The Pamphlet Collection of Sir Robert Stout: Volume 36
for the Constitution now asserts and exercises the power to substantially control or thwart the police power of the States by rendering page 32 nugatory their efforts to regulate and suppress the evil. The police powers of the States are thus really nullified or abridged in a most important, nay, a matter of vital concern. The deadliest foe of social happiness and public order is placed under the protection of the national Constitution, and the State must subordinate its process to the rights of rum, protected by the national power. This amendment proposes to repeal those restrictions upon the rights of States to govern themselves, and substitute provisions in harmony with the tendencies of enlightened State legislation and the interests of society, and thus it proposes to re-inforce the police power of the States acting for the public good. This certainly at the worst is no greater restriction of the powers of the States than now exists in the Constitution by virtue of the protection given to the liquor interests against which the States, so many of them, wage war. And it is difficult to see why an advocate of State's rights should be satisfied with the Constitution as it is, and then complain when it is proposed to change the Constitution so as to give the States still greater power to restrict and control an evil over which but for this Constitution the States would have absolute power.
It seems to me that this is a sufficient reply to those who, claiming that they desire to suppress the evil, object to an increase of State power for that purpose. If the real difficulty is that the objector would relieve the liquor traffic of all legal disabilities, whether State or national, then this view of States' rights will not be satisfactory. He will then be satisfied with no constitutional amendment which does not destroy all "police power," State or national, to interfere with the evils of alcoholic intemperance. "States' rights" is a term too much abused in these latter days, and honest men should examine well the motives and pretenses of those who appeal to prejudices engendered by controversies which, with their causes, are vanished away. We certainly are a nation to such extent that a vast evil which contaminates the atmosphere of the continent can be assailed with national power, especially when it can be reached successfully in no other way, and the method proposed leaves to the States the execution of the great work if they will perform it in their own self-chosen way.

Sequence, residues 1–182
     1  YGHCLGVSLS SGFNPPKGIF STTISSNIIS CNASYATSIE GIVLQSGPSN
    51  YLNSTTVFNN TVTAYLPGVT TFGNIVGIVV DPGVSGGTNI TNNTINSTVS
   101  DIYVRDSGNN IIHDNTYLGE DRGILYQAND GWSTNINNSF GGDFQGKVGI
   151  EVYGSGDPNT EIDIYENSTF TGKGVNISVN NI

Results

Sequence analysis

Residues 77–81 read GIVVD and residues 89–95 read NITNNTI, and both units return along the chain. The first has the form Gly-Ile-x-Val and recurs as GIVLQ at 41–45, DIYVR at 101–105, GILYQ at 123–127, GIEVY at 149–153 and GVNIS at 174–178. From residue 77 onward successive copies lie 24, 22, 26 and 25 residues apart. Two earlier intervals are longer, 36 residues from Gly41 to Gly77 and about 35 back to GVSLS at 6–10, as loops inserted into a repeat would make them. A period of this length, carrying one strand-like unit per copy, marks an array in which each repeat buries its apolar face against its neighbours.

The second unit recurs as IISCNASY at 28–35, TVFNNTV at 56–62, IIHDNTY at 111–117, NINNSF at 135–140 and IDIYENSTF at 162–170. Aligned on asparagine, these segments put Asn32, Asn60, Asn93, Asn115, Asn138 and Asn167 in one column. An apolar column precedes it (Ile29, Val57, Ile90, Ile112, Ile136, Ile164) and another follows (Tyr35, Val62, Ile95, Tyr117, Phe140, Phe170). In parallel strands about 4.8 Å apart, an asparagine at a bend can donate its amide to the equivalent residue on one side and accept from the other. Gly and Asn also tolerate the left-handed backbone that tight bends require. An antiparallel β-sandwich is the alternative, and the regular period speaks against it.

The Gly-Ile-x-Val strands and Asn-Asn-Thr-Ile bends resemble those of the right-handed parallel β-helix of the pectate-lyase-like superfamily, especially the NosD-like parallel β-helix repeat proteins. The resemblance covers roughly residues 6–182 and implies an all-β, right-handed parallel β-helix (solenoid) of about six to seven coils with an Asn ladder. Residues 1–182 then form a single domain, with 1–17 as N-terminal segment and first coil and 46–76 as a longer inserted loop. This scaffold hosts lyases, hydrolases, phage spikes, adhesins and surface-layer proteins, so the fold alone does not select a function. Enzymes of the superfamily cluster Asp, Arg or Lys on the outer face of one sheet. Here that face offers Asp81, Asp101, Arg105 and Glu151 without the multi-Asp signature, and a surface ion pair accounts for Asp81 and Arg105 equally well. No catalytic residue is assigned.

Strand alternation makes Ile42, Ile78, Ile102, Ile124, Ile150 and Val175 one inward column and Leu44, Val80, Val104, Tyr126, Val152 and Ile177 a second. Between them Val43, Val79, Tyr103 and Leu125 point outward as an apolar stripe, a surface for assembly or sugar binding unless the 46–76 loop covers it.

I deem it important to offer some observations upon the policy and efficiency of the